‘How To Be Safe’ Explores the Gun Violence Conversation That America is Afraid of

If you haven’t been paying attention to what’s going on in the United States of America, you’d be forgiven for thinking that Tom McAllister’s How To Be Safe was set in a dystopian world where mass murder was commonplace.

It tells the story of a school shooting in a small town from the perspective of a teacher who wasn’t there. It explores the reaction of everyone – from the first person survivor’s guilt and the teacher herself, through the community suffering the death of their children, to the global media and politicians arguing over gun control.

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The events are framed through the very specific lens of protagonist Anna Crawford, whose less than favourable departure from her teaching position labels her a suspect.

The story follows her as she deals with her own grief and guilt, as well as that of her community and her country, over the course of a year. People hurl arguments around about restricting guns or arming more people. A local militia demand that things change, without offering any constructive advice. The surviving community commissions a memorial to the victims.

A year passes, and nothing changes.

Anna’s internal monologue examines every point raised viciously. The book does a very good job of not feeling like it’s trying to argue for any side. Instead it breaks down rhetoric and critiques it in the harsh way of someone whose trauma has no patience for anyone’s bullshit. It never feels like the book is trying to preach; it convincingly portrays the perspective of someone struggling to understand one of the most horrific things imaginable.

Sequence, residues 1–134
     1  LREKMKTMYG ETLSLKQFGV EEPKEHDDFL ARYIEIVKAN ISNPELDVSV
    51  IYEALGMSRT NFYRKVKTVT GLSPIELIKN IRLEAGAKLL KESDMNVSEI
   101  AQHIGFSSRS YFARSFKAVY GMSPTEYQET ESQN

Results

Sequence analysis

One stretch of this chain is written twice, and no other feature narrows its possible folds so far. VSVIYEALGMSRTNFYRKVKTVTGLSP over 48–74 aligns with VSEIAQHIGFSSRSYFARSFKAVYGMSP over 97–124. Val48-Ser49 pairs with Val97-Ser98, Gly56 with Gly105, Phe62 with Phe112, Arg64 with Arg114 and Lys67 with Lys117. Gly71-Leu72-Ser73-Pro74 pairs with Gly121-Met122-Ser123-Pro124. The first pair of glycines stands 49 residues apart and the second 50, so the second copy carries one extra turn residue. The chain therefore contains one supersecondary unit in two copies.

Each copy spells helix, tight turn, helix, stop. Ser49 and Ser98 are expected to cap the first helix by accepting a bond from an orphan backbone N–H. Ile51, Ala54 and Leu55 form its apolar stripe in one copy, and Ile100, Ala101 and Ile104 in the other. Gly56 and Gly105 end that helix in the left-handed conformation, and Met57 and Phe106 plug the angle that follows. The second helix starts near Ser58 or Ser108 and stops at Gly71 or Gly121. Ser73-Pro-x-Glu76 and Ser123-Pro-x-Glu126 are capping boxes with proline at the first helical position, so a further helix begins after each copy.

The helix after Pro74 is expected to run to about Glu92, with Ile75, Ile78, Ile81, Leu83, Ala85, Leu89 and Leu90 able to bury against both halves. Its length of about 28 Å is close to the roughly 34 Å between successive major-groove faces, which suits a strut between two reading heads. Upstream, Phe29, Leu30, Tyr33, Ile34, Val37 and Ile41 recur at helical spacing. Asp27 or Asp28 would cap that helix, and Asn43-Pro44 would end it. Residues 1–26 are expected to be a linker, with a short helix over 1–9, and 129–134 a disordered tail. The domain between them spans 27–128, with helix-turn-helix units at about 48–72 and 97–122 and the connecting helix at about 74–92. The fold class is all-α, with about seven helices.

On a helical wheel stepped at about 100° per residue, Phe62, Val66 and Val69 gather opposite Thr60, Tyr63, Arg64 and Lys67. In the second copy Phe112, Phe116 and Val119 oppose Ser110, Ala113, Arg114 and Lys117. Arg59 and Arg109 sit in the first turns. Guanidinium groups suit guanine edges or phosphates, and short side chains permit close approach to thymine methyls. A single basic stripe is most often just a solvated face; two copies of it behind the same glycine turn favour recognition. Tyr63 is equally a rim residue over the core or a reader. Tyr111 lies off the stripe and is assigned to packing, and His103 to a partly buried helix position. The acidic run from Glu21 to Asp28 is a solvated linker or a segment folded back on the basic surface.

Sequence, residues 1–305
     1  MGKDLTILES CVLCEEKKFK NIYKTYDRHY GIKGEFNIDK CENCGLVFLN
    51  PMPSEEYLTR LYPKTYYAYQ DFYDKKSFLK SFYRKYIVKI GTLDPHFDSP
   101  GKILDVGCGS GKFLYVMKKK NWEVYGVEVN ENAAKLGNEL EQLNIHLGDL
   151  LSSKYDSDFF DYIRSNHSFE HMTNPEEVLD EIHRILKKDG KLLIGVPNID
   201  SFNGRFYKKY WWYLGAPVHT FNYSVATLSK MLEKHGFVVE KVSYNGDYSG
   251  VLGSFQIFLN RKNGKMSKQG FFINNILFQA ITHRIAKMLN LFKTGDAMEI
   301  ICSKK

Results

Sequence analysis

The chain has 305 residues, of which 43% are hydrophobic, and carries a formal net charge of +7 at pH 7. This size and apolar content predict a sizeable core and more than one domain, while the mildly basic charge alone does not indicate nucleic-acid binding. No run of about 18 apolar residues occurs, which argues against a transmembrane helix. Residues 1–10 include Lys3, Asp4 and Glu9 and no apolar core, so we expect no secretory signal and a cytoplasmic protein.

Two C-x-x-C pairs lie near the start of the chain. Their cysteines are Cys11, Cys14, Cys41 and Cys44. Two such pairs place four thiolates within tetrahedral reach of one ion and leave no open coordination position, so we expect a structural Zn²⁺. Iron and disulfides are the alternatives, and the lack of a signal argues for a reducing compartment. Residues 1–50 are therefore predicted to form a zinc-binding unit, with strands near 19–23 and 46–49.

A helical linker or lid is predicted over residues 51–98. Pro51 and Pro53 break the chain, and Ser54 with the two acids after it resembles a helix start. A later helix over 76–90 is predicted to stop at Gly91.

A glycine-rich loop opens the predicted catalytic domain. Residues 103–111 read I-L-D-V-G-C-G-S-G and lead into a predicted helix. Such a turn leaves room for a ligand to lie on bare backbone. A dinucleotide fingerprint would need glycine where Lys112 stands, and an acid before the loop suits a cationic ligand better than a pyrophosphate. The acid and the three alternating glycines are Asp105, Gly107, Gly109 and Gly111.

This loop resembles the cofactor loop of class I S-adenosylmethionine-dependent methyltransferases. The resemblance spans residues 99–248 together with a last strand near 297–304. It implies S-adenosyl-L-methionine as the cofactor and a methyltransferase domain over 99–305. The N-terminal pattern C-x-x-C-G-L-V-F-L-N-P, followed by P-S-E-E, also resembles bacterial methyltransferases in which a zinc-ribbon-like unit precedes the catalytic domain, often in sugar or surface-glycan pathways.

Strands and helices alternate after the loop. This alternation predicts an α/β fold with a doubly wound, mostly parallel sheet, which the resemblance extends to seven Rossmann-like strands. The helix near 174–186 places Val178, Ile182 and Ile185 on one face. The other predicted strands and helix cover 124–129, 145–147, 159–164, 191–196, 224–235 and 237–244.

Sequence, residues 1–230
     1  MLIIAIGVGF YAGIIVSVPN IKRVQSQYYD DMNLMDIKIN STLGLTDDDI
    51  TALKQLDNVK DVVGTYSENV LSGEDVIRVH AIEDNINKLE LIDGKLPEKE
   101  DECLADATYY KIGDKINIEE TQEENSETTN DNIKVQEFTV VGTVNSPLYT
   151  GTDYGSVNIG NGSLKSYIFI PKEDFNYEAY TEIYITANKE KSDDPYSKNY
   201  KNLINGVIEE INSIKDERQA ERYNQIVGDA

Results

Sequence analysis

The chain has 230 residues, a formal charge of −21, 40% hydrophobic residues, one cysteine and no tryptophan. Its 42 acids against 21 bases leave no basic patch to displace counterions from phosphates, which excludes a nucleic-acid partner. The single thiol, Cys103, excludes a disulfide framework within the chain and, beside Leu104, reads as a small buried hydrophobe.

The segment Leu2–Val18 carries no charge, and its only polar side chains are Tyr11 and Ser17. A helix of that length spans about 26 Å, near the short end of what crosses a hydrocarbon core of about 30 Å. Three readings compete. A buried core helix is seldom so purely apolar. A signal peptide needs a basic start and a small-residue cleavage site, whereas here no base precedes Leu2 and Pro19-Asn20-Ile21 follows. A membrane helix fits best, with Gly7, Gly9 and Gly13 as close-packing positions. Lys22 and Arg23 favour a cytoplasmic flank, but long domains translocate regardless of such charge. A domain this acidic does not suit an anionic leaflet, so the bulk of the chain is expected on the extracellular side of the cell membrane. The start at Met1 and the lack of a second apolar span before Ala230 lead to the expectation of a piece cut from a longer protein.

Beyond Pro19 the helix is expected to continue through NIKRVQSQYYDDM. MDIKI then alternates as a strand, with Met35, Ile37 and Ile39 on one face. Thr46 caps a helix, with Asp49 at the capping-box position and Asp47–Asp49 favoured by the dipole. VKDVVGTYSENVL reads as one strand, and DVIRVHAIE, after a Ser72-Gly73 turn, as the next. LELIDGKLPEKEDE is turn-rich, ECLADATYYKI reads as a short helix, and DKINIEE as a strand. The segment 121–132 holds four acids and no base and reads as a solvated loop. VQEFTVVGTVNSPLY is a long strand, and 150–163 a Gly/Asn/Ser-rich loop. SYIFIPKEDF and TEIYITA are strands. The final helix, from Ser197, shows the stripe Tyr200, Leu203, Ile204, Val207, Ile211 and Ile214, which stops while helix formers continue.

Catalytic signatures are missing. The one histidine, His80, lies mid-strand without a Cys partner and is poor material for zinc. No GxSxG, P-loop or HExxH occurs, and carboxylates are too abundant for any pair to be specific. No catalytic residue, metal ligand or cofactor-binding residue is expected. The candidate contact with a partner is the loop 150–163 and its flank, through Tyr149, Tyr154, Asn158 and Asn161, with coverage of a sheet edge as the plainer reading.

McAllister has mastered writing emotions, as Anna’s feelings are clear and infectious throughout the book. It’s easy to get caught up in her anger and her fear and to see the bleakness in people. In particular, the comments they make that promise thoughts and prayers but nothing that’s actually helpful, and the frustration that comes with it.

Most of all, McAllister beautifully conveys the sense of profound isolation that Anna feels, even when the global community is supposedly clubbing together to make the world a better place.

The book opens with a prologue written from the perspective of the shooter. It depicts him as entitled and angry, channelling his own existential angst by hurting others, but also naïve. Later on, his home and his writings are opened up to the morbidly curious public. These reveal him to be a worryingly normal boy, whose arrogance makes him think that the same futile search for meaning that inspire most teenagers to get piercings and middle-aged men to get motorbikes is far more profound than it really is.

The mundane normality of the killer strips him of all the notoriety that he wanted. It reveals him to be an arrogant and selfish little boy whose life was so devoid of meaning that he needed to take the lives of others to compensate for it.

He is also openly sexist. On the way to commit the shooting, he stops to stare at a woman he doesn’t know, who he describes as being simultaneously attractive and reminiscent of his mother. He thinks about how being in a relationship with her would make his life infinitely better, how all of his problems would go away and how the fact that she won’t look up at him and fall immediately in love makes it her fault he is about to kill school children. His lust turns to hatred and blame.

Throughout the book, McAllister draws an explicit parallel between the entitlement of men who see women as objects they can claim and the selfishness of murderers who see the lives of others as something they have the right to take.